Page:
The current hot topic across Second Life forums is ZF Redzone, the device aimed at preventing griefers, copybotters and alts from causing mayhem and getting their hands on your wares. The aim at first glance is noble, the execution is far from it.
There are signs that all is not well with this system from its description, where it claims to eject and TP home intruders, often crashing them. That right there sets red flags. Another red flag manifests itself in the shape and form of the creator advising in the comments of the reviews that it’s a good idea to ban your competitors from your land because they will spy on your or send alts to do so….alarm bell city, this is getting into the realms of paranoia as a marketing point.
However, there are features of this system that would be useful, the fact that it can ban more people than the inworld tools being one, being able to manage access controls from a website being another.
I’ve spoken to people who have been copybotted, I’ve listened to a content creator in tears as she finds once again that her items have been ripped and she wonders whether it’s worth continuing because all her hard work is going to waste whilst the thieves seem to prosper. The issue of the size of the ban list inworld was an issue she raised me with quite a while ago.
The frustrations merchants are faced with regarding content theft are the reason there’s a market for products like Redzone. The problem is that this system itself goes above and beyond what it should aim to do and links suspected alts to accounts that are deemed to be malicious. These accounts are deemed to be malicious by whom exactly?
Enter into the fray, the Greenzone system, free to use and it detects sims that are employing redzone and provides you with instructions on how to avoid being scanned. This product can of course be used by those with malicious intent, so now we get to the point where redzone users think greenzone users are bad and start adding those who are preventing this intrusive scanning to the redzone ban list. There are also rumours that those who turn off media options or add the redzone domains to their firewalls or local hosts file are being added to redzone banlists, which if true is due to further paranoia.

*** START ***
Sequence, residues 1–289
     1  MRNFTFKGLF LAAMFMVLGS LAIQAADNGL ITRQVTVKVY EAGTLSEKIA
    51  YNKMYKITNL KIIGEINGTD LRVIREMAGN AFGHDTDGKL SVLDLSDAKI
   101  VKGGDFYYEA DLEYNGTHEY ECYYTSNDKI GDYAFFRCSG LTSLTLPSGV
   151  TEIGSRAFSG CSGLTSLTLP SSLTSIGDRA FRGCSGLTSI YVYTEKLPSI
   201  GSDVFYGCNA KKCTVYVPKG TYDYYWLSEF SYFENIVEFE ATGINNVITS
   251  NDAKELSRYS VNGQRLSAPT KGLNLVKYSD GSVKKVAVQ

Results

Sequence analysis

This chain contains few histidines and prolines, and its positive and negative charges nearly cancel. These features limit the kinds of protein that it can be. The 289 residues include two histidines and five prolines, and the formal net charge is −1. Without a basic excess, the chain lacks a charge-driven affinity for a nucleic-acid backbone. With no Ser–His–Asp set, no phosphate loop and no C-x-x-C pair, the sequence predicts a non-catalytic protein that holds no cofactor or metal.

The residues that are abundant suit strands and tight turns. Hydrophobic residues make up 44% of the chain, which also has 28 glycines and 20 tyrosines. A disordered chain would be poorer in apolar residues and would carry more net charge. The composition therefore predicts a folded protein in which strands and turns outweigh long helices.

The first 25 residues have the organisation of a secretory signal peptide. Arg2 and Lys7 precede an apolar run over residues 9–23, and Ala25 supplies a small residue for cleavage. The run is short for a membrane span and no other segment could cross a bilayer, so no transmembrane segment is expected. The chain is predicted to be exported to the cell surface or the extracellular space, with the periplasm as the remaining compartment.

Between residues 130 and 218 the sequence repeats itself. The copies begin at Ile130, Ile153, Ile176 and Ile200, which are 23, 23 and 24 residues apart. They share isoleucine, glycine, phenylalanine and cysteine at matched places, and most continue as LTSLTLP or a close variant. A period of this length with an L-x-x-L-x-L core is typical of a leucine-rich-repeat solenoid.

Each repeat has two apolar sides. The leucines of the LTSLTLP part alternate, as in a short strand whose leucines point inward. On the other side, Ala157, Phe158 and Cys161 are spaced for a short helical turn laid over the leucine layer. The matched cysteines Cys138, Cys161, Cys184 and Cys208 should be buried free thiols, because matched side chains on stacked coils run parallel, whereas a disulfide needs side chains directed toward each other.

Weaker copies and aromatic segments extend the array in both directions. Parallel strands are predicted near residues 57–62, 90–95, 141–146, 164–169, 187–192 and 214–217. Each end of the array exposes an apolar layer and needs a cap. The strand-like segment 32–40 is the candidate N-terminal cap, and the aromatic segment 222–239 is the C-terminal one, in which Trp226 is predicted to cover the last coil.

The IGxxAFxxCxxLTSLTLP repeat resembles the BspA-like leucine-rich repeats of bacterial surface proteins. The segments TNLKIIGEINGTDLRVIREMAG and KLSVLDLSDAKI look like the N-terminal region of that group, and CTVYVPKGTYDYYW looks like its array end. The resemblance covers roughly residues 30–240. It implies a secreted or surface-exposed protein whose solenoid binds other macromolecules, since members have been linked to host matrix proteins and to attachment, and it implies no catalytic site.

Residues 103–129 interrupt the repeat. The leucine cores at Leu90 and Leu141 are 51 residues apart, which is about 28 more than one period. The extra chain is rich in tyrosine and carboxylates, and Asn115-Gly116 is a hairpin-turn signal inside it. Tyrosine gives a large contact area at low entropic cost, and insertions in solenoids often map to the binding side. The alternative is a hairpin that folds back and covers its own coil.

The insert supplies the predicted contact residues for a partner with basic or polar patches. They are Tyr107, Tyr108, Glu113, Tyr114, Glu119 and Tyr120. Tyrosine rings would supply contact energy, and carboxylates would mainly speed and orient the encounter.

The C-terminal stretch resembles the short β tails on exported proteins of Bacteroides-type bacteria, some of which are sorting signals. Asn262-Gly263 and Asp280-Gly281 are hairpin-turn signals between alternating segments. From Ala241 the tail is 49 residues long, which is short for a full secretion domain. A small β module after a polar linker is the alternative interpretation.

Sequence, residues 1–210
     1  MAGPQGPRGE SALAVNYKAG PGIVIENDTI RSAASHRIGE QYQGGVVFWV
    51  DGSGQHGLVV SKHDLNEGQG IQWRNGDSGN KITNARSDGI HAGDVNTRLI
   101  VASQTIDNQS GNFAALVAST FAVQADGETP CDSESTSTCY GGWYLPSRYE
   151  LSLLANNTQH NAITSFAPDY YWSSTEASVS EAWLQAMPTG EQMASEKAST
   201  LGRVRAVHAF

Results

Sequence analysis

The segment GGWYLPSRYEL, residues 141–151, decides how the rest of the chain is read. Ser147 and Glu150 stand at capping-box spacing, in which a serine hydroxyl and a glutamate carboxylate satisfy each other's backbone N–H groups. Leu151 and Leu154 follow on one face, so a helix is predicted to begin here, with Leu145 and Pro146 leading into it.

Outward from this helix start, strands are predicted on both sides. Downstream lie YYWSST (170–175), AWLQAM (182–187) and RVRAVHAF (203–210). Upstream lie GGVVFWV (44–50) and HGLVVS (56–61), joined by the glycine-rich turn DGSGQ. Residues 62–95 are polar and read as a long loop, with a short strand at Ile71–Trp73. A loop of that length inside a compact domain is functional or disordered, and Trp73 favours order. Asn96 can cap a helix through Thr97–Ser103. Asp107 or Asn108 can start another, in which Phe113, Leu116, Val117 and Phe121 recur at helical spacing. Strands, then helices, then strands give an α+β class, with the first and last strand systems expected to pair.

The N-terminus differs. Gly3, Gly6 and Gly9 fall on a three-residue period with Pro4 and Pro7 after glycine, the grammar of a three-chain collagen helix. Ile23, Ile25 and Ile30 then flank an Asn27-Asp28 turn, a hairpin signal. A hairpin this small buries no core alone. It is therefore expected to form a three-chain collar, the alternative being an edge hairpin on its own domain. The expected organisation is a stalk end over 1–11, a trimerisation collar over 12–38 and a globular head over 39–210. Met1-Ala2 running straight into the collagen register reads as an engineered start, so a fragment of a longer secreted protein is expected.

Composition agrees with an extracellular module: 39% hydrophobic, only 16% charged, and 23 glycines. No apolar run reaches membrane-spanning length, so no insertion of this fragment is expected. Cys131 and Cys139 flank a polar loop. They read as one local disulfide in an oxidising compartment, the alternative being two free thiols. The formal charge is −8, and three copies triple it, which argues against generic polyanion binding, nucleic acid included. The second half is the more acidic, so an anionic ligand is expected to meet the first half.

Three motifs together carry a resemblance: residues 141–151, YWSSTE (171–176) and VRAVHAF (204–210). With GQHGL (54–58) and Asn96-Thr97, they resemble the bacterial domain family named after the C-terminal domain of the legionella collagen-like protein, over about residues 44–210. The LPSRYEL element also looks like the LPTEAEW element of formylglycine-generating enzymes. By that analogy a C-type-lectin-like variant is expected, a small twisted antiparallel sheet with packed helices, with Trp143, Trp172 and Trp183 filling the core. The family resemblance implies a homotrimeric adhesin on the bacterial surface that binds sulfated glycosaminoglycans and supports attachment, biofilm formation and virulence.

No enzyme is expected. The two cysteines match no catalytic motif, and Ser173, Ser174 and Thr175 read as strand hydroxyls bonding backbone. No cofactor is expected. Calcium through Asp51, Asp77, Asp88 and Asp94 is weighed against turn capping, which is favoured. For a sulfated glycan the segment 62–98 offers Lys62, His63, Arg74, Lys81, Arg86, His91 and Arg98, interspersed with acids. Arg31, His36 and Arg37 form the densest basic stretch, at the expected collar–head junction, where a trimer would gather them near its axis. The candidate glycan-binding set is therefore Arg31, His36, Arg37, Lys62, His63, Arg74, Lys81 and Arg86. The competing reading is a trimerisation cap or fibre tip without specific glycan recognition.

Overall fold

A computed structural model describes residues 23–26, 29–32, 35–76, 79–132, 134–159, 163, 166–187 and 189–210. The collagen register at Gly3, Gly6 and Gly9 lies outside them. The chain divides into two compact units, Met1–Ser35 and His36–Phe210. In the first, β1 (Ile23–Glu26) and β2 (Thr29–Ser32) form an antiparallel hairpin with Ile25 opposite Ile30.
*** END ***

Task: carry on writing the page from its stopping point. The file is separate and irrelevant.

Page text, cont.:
The whole thing is getting out of control, the alts issue is one whereby people are able to be incredibly nosey regarding Second Life, the data is simply not fit for purpose for wider consumption, there’s no need for anyone to be able to view everyone’s alts, even if the system does what it says it can, which brings us to another point, there’s a very low number of the alleged 77,000 banned accounts on the database who are there due to copybot detection and even then it’s questionable whether there’s a 100% accuracy rating for those alleged copybotters.
Then we have the issue of boycotts, with people threatening to boycott stores that use the redzone system. Are they threatening to boycott because they support content theft and griefing? No they’re threatening to boycott because the redzone system is too intrusive and they see that as griefing, we’re into two wrongs not making a right here.
There is no easy solution here, this is going to rumble on and on until Linden Lab do something about it. The positive features of the redzone system such as increased ban lists and web controlled access are heavily outweighed by the bad parts of the system, if the creator of the system could see this point, then he might be able to come up with an acceptable system, however to do that he’d have to dilute some of his selling points of the system.
I have every sympathy with content creators who want to protect their creations, but when the tools they use for that are in themselves causing problems for users, then they are just adding to the problem, not providing solutions, it’s time for all parties here to sit down and look at what’s happening, because this isn’t good for Second Life at the moment and it’s time to stop the neener neener gesturing and look at the bigger picture.